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Resilience of aquatic systems: Review and management implications

Pelletier, Marguerite C., Ebersole, Joe, Mulvaney, Kate, Rashleigh, Brenda, Gutierrez, Mary Nicole, Chintala, Marnita, Kuhn, Anne, Molina, Marirosa, Bagley, Mark, Lane, Chuck
Aquatic sciences 2020 v.82 no.2 pp. 44
adaptive management, aquatic ecosystems, biodiversity, collaborative management, habitat connectivity, monitoring, social environment, stakeholders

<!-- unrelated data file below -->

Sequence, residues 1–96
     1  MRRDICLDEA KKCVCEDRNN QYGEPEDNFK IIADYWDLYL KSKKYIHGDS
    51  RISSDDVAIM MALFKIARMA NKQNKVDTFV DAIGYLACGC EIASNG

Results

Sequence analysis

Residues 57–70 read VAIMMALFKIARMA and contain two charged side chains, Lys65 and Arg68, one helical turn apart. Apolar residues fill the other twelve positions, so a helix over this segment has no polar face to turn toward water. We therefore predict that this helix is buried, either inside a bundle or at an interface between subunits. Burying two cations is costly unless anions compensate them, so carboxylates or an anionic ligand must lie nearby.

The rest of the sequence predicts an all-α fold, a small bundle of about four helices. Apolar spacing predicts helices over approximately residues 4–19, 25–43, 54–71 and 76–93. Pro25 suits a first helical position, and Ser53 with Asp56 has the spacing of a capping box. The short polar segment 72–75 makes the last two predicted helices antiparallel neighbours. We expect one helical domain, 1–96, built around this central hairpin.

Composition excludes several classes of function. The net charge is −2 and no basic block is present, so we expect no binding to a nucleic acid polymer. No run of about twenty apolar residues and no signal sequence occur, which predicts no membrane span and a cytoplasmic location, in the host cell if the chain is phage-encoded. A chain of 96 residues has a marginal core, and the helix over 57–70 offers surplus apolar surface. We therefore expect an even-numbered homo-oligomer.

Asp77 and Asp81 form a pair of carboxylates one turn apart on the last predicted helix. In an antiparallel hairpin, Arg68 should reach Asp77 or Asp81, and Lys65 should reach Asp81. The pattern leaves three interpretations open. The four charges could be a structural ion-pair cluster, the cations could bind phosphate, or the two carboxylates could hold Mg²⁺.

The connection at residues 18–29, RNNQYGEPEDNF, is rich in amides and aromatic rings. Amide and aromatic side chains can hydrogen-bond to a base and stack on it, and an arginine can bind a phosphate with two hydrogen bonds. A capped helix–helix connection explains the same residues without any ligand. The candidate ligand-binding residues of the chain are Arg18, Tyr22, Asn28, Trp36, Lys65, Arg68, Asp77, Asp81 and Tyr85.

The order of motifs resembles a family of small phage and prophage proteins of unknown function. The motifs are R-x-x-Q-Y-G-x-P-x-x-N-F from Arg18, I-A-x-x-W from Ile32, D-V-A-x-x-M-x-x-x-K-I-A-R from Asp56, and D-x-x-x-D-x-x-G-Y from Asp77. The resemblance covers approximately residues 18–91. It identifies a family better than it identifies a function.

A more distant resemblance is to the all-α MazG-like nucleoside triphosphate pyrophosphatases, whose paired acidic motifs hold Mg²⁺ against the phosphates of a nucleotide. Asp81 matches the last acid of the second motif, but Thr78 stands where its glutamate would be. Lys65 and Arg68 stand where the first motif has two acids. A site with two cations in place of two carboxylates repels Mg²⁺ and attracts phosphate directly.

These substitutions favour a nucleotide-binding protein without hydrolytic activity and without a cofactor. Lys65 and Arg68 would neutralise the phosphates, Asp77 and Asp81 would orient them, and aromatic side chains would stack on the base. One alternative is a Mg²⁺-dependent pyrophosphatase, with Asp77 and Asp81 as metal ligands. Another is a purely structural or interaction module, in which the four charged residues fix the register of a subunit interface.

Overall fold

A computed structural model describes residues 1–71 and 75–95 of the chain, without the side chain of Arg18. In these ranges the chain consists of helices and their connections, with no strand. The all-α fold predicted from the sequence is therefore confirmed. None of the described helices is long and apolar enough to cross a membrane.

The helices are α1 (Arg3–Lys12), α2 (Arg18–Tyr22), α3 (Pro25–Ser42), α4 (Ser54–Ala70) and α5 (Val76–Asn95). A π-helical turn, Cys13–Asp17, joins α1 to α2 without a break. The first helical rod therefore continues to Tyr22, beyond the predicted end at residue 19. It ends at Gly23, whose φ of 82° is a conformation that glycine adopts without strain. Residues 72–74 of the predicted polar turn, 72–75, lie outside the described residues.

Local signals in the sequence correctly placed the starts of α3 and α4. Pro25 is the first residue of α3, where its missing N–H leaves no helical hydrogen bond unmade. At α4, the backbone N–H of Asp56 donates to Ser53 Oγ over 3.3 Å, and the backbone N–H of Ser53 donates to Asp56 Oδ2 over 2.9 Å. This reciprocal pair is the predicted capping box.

Our understanding of how ecosystems function has changed from an equilibria-based view to one that recognizes the dynamic, fluctuating, nonlinear nature of aquatic systems. This current understanding requires that we manage systems for resilience. In this review, we examine how resilience has been defined, measured and applied in aquatic systems, and more broadly, in the socioecological systems in which they are embedded. Our review reveals the importance of managing stressors adversely impacting aquatic system resilience, as well as understanding the environmental and climatic cycles and changes impacting aquatic resources. Aquatic resilience may be enhanced by maintaining and enhancing habitat connectivity as well as functional redundancy and physical and biological diversity. Resilience in aquatic socioecological system may be enhanced by understanding and fostering linkages between the social and ecological subsystems, promoting equity among stakeholders, and understanding how the system is impacted by factors within and outside the area of immediate interest. Management for resilience requires implementation of adaptive and preferably collaborative management. Implementation of adaptive management for resilience will require an effective monitoring framework to detect key changes in the coupled socioecological system. Research is needed to (1) develop sensitive indicators and monitoring designs, (2) disentangle complex multi-scalar interactions and feedbacks, and (3) generalize lessons learned across aquatic ecosystems and apply them in new contexts.